When it comes to going green, many environmentally conscious citizens are finding themselves in murky waters, from Texas residents being blocked by homeowner associations from installing solar panels to Colorado residents trying to protect their cities from fracking battles they thought they’d won.
It’s not easy being green, especially when profits are involved.
Just ask Eric Schirmer of Plano, Texas, who wanted to cut electricity costs and help the environment by installing solar panels on his home’s south-facing roof in his Trails of Glenwood subdivision. With the drop in prices of solar panels in recent years, Schirmer was ready to make the investment and sent in his application.
But despite a 2011 Texas law banning homeowners associations from restricting the use of solar power, Schirmer’s request was denied by his HOA. How? A loophole in the law allows developers to prohibit solar panels while a subdivision is still being built.
Are Solar Panels That Ugly?
Homeowner associations, legendary for restrictions on everything from the color you can paint your house to where you can park your car, are basically saying solar panels (shiny squares typically mounted on roofs as well as on scaffolding in yards) are ugly and therefore bad for business.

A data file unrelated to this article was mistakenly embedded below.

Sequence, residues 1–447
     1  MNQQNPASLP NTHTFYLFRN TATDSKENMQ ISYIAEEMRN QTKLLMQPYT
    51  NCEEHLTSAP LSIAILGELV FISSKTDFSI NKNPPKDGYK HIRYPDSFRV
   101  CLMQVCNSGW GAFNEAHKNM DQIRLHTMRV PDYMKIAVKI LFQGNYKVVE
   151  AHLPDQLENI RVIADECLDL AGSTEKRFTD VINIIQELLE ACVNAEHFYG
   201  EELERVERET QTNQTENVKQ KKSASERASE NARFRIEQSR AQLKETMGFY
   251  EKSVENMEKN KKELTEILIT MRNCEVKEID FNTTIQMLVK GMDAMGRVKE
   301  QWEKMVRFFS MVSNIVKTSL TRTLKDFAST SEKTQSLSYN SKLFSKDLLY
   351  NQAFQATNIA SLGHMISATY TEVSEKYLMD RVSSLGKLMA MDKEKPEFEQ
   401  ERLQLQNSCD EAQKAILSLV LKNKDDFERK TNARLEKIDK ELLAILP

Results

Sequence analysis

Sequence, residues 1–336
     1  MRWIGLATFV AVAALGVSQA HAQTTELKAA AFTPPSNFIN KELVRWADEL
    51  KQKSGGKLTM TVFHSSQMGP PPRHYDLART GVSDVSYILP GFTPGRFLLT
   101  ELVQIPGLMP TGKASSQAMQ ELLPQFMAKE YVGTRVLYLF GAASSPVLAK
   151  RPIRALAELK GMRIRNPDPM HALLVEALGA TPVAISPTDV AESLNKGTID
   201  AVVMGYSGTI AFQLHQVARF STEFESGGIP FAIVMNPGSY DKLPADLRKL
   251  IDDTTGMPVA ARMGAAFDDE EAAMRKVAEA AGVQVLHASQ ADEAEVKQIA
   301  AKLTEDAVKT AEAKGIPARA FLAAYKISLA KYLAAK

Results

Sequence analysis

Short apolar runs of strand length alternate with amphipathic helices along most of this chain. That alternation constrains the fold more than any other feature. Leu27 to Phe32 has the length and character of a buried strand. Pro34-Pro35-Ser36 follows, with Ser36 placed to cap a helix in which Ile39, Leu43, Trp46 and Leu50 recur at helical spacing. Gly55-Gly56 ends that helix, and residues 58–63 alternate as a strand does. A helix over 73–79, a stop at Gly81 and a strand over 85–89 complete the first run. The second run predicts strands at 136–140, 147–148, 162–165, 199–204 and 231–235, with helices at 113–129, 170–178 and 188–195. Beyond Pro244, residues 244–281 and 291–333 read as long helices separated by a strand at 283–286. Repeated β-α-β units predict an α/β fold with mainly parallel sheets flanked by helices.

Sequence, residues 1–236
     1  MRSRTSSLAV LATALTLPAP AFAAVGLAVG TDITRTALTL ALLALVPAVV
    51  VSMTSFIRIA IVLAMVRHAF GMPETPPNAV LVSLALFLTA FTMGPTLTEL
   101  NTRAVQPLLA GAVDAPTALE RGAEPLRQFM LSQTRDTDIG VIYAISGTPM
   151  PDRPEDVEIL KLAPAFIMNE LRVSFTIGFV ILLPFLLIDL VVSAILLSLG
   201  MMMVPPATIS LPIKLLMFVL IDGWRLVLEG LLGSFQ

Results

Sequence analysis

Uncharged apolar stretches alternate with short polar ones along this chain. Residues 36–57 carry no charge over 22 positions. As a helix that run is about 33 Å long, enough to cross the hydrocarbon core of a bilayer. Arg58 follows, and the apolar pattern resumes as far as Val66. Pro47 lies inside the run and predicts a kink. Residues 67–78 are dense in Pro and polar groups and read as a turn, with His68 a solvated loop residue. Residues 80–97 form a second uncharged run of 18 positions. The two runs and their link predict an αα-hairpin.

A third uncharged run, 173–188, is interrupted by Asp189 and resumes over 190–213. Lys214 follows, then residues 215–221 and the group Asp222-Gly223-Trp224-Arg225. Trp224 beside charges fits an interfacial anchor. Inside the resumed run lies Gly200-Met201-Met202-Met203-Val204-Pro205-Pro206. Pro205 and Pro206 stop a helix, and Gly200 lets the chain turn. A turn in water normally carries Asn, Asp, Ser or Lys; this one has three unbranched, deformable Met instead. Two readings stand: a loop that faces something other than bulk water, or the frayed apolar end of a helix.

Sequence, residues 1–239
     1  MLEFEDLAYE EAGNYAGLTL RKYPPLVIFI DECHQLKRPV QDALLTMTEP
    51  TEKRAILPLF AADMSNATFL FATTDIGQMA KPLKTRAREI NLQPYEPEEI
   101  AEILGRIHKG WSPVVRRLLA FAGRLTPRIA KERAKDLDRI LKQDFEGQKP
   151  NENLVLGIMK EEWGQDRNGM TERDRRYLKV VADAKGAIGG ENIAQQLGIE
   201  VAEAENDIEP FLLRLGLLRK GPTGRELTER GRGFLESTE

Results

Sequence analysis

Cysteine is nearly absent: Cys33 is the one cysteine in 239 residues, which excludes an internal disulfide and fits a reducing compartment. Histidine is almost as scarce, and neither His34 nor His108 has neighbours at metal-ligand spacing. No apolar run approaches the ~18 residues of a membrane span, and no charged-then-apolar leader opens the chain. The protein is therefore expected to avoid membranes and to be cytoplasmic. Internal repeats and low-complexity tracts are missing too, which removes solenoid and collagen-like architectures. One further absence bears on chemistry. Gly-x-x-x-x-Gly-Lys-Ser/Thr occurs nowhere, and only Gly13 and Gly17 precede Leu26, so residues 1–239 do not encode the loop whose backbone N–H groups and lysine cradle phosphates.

Scott Norman, executive director of the Texas Association of Builders, defended the developers: “Their goal is to sell lots in a subdivision,” he told the Dallas News, adding that anything that impedes that goal isn’t good for business or the neighborhood.
The ban expires when the neighborhood is complete and residents take control of the homeowners’ board. But Schirmer could be waiting for years to get his solar panels.
In a time of growing concern about pollution and the depletion of natural resources, solar advocates say the loophole creates unnecessary obstacles for homeowners who want to go green. Moreover, they say, solar panels are no more unsightly than air-conditioning units. Besides saving energy, according a 2011 study by the National Bureau of Economic Research, solar panels actually boost a home’s value by as much as 3 to 4 percent.
According to Think Progress, the issue of developers and homeowner associations banning homeowners from installing solar panels is widespread across the nation, but is especially pertinent in Texas, California and Florida, since homeowners in those states are overwhelmingly governed by property owners’ associations.
Green Homeowners Fight Back